1. It’s Fun!

Learning about what makes you ‘tick’ is inherently interesting. By writing in a gratitude journal, you’re tracking all the things that bring you the most happiness! Each time you recall one of these things, you’ll experience a boost in happiness. Who doesn’t want that? In addition, you’ll be learning about what makes you happy, and self-discovery is something that everyone loves! Emotional growth and self-discovery are fun!

2. It Changes Your Thought Patterns

Ever wonder if you’re being a little too moody? Wonder why you’re so self-critical? Keeping a gratitude journal can help to STOP that process! By redirecting your thoughts to aspects of your life that make you happy, you’re breaking the cycle of negative thinking. In addition, by writing in your gratitude journal, you’re practicing reframing negative events in a positive light on a regular basis. Once you learn how to do that, you’ll be able to take the most dismal of situations and find something within them that can foster growth. Isn’t that worth putting in some time for?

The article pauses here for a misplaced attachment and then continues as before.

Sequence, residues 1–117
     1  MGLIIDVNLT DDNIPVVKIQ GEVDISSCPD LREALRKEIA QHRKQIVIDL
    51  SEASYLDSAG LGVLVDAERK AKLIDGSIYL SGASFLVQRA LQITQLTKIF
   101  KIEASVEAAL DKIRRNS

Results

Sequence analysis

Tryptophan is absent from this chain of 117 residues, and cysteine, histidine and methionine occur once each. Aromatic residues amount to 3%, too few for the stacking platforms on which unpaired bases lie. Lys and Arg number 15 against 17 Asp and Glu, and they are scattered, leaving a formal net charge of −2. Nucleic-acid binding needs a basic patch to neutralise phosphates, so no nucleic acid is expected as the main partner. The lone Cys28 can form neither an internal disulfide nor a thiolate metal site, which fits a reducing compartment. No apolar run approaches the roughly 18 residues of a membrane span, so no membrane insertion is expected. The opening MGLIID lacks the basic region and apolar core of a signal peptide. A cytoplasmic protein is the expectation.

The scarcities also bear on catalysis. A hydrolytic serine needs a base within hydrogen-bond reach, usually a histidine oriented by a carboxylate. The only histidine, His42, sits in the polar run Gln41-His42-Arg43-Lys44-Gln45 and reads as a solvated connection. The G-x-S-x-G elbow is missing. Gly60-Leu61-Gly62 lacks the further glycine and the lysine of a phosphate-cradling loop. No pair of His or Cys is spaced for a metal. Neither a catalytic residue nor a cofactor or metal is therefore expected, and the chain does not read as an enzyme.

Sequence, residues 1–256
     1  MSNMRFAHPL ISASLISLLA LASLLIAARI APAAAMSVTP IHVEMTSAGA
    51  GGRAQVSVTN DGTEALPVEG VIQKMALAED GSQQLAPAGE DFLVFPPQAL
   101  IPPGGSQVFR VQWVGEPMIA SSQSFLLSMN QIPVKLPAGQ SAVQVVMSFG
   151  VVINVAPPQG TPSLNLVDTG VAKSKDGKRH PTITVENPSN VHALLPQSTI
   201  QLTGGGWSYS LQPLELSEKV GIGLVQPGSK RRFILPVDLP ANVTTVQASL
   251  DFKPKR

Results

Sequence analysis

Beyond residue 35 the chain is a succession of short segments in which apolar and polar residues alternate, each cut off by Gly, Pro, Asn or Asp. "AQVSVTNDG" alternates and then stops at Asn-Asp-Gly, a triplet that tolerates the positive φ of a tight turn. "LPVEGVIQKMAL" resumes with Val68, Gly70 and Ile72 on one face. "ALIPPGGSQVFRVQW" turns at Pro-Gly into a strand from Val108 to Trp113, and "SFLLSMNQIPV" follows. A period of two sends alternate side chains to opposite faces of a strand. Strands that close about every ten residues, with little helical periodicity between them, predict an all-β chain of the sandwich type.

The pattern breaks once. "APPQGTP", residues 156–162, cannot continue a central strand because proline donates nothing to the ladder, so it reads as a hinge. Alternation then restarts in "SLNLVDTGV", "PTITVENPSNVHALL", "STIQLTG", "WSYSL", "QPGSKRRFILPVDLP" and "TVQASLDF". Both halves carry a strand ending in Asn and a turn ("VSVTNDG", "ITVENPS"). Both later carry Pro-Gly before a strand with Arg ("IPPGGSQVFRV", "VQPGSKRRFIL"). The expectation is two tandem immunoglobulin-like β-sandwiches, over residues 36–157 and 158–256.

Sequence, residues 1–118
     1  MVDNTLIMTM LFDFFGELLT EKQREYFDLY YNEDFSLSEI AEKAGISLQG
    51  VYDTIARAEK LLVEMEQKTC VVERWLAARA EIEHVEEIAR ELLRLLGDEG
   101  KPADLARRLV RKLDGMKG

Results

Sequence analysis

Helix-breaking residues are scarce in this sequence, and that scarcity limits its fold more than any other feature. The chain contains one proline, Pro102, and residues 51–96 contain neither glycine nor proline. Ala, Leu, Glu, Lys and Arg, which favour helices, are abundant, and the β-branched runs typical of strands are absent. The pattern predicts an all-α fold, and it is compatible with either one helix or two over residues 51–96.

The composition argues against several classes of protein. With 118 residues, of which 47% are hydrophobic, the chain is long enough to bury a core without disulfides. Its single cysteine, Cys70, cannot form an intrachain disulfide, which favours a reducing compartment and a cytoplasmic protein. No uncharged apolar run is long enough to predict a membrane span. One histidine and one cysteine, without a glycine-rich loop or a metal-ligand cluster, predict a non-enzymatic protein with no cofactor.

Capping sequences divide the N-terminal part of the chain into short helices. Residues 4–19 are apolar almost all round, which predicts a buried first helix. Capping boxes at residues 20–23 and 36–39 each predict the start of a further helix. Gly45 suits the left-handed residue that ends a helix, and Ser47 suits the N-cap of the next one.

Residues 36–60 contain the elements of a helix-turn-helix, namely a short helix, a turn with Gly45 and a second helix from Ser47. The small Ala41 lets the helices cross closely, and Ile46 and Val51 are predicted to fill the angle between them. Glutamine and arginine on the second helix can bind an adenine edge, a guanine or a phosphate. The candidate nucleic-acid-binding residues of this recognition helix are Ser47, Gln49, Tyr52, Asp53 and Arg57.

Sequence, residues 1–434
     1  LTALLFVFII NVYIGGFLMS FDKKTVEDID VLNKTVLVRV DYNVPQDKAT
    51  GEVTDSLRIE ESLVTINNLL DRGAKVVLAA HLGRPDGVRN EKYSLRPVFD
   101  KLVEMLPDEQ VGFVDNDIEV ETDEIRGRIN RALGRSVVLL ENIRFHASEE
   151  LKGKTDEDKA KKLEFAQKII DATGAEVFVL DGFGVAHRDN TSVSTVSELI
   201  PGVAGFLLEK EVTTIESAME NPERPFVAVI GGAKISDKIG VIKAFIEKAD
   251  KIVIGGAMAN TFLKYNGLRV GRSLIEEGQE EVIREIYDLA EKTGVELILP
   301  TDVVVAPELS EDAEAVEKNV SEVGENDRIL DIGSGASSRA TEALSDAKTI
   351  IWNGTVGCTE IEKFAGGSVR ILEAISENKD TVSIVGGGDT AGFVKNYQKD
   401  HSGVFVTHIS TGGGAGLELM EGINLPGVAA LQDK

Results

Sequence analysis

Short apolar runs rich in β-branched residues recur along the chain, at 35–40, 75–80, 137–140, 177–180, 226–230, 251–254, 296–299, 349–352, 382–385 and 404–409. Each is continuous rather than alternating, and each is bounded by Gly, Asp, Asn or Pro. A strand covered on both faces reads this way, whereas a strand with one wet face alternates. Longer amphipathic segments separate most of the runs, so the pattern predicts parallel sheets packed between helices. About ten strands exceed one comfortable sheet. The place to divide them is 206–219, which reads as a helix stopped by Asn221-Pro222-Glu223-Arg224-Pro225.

3. It Helps Your Future

When you’re in a more positive mindset, you’re more likely to take better care of yourself, be productive at work, and invest in your relationships. When you’re in an emotional rut, you’re more likely to let these things go, since you’re too busy focusing on how you can feel better. Writing in a gratitude journal sets the foundation for a happier future! Since the act helps to boost your feelings of wellbeing, you may end up engaging in more self-care behaviour.

By: Kaya Quinsey

Kaya Quinsey


5 Ways To Achieve Your Dreams